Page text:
I make about 20-30 pies from our garden,Rhubarb,Apple, Cherry and Blueberry. We are trying to go sugar free following the Netflix documentary “Magic Pill”. Do you have any suggestion how to do this? White flour can be replaced by rice flour or flour for diabetic.
    Thanks, I hope

    • Gemma Stafford on May 24, 2018 at 2:25 am

      Hi Ian,
      This really is a big concern at the moment. The problem with a single source alternative to wheat flour is that it is very difficult to make a traditional pastry with it. Gluten holds the pastry together, and explains why wheat is the top flour for baking. Some gluten free flour mixes, designed for baking, can also have low sugars, so could be useful for you too. Check out the packs.
      Stevia is a great sweetener, though it lacks the bulk of sugar, but it should work well on your pies. Swerve too, and xylitol are all low on the glycemic index. Stevia is said to be curative in relation to diabetes, but I do not know the science on this, it is worth researching. Then there are horses for courses! Try theses alternatives out in small amounts, see which works best in each fruit, apples for instance should be perfect with stevia, rhubarb may need the bulk of one of the others.
      The important thing to remember is that sugar alternatives, which are not high in fructose/sucrose, will not caramelize, so some desserts will not be possible.
      Do let us know how you get along with this, it is worth getting to grips with the alternatives.
      Gemma 🙂

  3. Chelsea on May 17, 2018 at 2:51 am

    I am doing a food assignment for school and I’m making cookies and I need to change white sugar to something more healthy, do u have an ideas for what I can use Gemma?

    • Gemma Stafford on May 17, 2018 at 3:57 am

      Hi Chelsea,

      Yes reference this chart. There is lots of information there that you can use.


  4. Edith on April 29, 2018 at 4:19 pm

    I’m wondering how I could use chai seeds to substitute for sugar.. Its just a simple recipe for banana oatmeal cookies but I’d like to eliminate the sugar and just add chai seeds with maybe a tiny bit of honey or unsweetened applesauce. Sweet factor isn’t an issue for us as we add some chcocolate chips, just don’t them to flop and wast all the ingredients

    • Gemma Stafford on April 30, 2018 at 3:39 am

      hi Edith,
      good to have you with us. Chia seeds and flax seeds are used as egg substitutes. They are not sweet so I cannot see them being usful for this purpose. The banana is also sweet, and the riper the bananas the sweeter they will be, so this on its’ own may be sweet enough for you. A touch of honey will help to bind the cookies as it caramelizes. Sugar in recipe performs more than one function, and holding a cookie together is a function too, but the honey will do this for you.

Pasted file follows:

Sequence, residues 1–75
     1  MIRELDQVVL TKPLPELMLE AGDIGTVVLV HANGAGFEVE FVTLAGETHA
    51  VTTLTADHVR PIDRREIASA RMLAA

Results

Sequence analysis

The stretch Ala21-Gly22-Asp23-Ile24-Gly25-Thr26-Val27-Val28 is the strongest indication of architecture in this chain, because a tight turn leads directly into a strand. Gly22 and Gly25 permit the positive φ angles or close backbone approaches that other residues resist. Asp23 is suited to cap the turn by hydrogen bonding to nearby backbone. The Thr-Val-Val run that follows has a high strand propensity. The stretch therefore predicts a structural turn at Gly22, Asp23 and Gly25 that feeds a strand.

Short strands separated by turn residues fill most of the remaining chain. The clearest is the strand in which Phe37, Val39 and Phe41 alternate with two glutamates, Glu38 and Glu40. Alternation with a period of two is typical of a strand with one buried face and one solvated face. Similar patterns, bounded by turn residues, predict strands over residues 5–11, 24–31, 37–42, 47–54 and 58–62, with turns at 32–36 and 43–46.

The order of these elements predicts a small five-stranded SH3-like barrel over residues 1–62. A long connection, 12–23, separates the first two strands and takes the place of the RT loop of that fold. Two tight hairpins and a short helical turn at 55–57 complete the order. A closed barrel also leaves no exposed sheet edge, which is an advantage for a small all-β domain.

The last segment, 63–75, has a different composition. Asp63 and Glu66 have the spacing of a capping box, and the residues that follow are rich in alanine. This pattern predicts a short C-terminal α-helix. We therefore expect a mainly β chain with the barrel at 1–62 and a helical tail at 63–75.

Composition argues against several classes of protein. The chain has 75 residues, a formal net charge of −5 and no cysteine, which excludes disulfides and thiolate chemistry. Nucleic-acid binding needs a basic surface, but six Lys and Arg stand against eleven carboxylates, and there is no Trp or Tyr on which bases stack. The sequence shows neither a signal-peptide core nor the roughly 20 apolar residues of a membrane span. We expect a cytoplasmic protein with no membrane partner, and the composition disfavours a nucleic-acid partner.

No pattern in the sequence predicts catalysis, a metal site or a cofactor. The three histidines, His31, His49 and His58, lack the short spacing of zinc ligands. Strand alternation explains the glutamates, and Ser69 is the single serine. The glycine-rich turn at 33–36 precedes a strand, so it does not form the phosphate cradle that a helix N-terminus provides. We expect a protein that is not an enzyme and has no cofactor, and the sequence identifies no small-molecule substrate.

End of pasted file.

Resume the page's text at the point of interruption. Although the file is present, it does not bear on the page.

I hope this is of help to you,
      Gemma 🙂

  5. Yuliana on April 14, 2018 at 7:03 pm

    Hi, i want to make a pineapple buns using pineapple syrup as flavors and sweetner. So i eliminated the sugar and put 96ml of syrup, but It didn’t rise at all. If i put 10gr of sugar plus 20ml of syrup and 72ml of water it rises but it takes 2 hours to do that and i couldn’t really taste the pineapple. Please help…

    Original Recipe
    Flour 160 gr
    Yeast 2gr
    Sugar 20gr
    Water 96ml

    • Gemma Stafford on April 15, 2018 at 2:52 am

      Hi there,
      I think the yeast quantity is so little that it is having trouble working in a short time. If you were to do this as a fermented dough, overnight, the natural yeasts from the air would assist it, and it would rise for you. 2gr of yeast is less than 1/2 teaspoon, it is asking a lot of this to work in a short time.
      Pineapple syrup, what is this? Is this water which has had pineapple cooked in it? I am not sure how the flavor will be.
      I think this recipe needs a little fat too, so butter, or use milk as the liquid to enrich the dough.
      I am not clear about what you want the end result to be, but the recipe seems a little off.
      Let me know if this helps, and what exactly you wanted from the recipe,
      Gemma 🙂

  6. kaushar balapriya on March 4, 2018 at 8:42 am

    hi gremma

    If I use stevia or sugar free tablets in ice cream. so what would be main ingredients ( normally condensed milk + cream) . please suggest me substitute of condensed milk. it would be great help for other diabetic and heart patients also

    • Gemma Stafford on March 5, 2018 at 3:20 am

      Hi there,
      Condensed milk requires sugar to condense, it is a step on the way to caramel/dulce De Leche, this means sugar/maple syrup/agave/honey. These are all high in sucrose, or fructose.
      Stevia will not caramelize, and there are other sweeteners out there which will not caramelize either.